How to Write a Farewell Graduation Speech

by Gina Ragusa ; Updated September 28, 2017

Whether you are winding down your elementary, middle school, high school or college career, the farewell graduation speech is an important component to the graduation ceremony. If school administrators have asked you to write a farewell speech, think about what has inspired you over the years and what is motivating you to work toward success in the future. Design a speech that will appeal to the masses—both the graduates and their families—and draw upon personal experiences to use as examples. Remember to thank your educators and honor your school before saying goodbye.

Step 1

Make a list of school-wide accomplishments that have had a significant impact on the graduating class through the years. Recall sports or academic victories, a student who overcame odds and changes you’ve witnessed at the school and within the community during your attendance.

Recall plans fellow students have communicated to you—do you have students planning to attend an Ivy League school in the fall or students who have landed promising jobs?

Use this list as a springboard to shape the outline of your speech. You don’t have to mention these exact examples of recollections in your speech but use them to generate inspirational thoughts and words.

Step 2

Write the introduction. Meet your audience with a famous quote that embodies your speech’s theme. Acknowledge the honor of speaking and the pride you feel for your class. Summarize or state the goals you intend to cover in your speech. Discuss how you’ll communicate your main message by touching on the graduates’ past, present and future.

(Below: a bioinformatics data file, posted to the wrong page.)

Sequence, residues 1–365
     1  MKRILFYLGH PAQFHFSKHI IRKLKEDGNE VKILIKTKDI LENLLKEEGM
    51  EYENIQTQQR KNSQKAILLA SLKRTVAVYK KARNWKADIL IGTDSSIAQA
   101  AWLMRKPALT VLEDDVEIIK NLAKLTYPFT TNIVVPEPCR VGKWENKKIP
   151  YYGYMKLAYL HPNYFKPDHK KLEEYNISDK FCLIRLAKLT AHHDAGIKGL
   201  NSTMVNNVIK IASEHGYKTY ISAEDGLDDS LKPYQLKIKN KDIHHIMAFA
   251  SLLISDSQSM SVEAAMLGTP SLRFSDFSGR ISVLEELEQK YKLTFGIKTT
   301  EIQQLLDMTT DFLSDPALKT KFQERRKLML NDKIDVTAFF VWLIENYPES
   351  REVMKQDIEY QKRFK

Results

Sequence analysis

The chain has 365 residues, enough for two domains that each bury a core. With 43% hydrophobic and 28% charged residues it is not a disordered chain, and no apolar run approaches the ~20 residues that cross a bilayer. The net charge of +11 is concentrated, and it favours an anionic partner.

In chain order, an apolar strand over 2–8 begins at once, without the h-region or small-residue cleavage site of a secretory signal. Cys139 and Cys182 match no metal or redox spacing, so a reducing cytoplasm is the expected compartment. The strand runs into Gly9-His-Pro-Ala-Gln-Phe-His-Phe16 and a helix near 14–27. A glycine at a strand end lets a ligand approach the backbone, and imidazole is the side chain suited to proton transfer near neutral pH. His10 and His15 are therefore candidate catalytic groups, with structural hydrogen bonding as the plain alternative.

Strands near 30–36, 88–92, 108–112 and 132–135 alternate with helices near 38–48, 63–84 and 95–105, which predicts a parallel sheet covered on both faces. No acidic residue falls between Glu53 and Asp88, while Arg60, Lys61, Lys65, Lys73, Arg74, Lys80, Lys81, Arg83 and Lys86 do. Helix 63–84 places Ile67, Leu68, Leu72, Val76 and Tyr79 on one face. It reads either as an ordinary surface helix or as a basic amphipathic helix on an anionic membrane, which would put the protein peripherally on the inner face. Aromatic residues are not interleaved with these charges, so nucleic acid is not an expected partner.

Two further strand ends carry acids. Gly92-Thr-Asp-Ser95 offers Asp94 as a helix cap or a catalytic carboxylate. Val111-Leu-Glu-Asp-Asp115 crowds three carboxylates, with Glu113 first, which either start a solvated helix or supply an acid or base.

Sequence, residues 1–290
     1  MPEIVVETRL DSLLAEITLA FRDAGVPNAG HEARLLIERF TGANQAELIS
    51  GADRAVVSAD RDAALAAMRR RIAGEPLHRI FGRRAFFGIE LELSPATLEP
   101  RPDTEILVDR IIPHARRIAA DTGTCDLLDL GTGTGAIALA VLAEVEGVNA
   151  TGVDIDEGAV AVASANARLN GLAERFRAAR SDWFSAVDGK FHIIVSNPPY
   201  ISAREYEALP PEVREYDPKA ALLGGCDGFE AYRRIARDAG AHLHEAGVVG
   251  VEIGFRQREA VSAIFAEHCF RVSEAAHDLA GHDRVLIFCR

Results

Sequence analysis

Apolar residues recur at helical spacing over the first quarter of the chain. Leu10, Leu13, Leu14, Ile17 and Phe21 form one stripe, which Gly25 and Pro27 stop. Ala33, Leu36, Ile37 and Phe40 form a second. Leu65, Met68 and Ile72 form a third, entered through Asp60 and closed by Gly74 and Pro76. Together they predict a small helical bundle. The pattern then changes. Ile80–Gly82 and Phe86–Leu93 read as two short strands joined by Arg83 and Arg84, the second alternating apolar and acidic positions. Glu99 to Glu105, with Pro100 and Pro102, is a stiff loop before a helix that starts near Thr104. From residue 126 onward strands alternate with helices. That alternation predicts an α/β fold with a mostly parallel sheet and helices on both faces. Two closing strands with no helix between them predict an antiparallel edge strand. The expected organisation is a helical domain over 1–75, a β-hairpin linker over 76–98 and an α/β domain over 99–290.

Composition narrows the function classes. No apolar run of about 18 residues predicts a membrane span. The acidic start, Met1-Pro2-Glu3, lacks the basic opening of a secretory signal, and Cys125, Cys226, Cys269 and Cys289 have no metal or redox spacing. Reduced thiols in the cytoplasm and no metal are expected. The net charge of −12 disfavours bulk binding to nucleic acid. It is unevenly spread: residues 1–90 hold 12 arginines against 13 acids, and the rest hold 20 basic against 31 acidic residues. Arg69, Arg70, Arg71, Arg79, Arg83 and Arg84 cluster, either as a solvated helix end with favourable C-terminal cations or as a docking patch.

Step 3

Craft the body of the speech. The body should include the three main points—past, present and future. Begin by reminiscing about where the class started, new to the school and unsure about the future. Identify accomplishments class members or groups made early on and what the graduates learned in school.

Move into present time. Relate how the past has built each student to be the leaders you see before you today. Remind students of events and milestones that they achieved over the years and how the time together in school has prepared each student for a bright future.

As you ease into discussing the future, linger in the present and quantify it as the springboard into the coming years of success. Discuss how the tools and lessons graduates learned through the years will support the classes’ success in the future. Recall significant events occurring within the school, community, nation and world today and how those events will impact your lives, years down the road.

Step 4

Conclude the speech on a positive note. Summarize each key point you made throughout the speech and re-address your initial goal. Thank school staff and key administrators before concluding your speech.


  • Practice your speech delivery several times before the big day—you want to remain within the given time frame and monitor your speaking so that you don’t talk too fast.

    Add props to your speech—a slideshow of your fellow graduates through the years could be playing behind you.

    When writing your speech, use your own words. Write from the heart, and don’t add words you wouldn’t use in normal, everyday conversation to make it sound more important. The school chose you to deliver the speech because people want to hear what you have to say.

Photo Credits

  • Jupiterimages/ Images

About the Author

Gina Ragusa has made a career out of writing for the past 15 years, with an emphasis on financial institution writing. Ragusa has written for Consumer Lending News, Deposit and Loan Growth Strategies and Community Bank President. She earned her Bachelor of Arts from Michigan State University.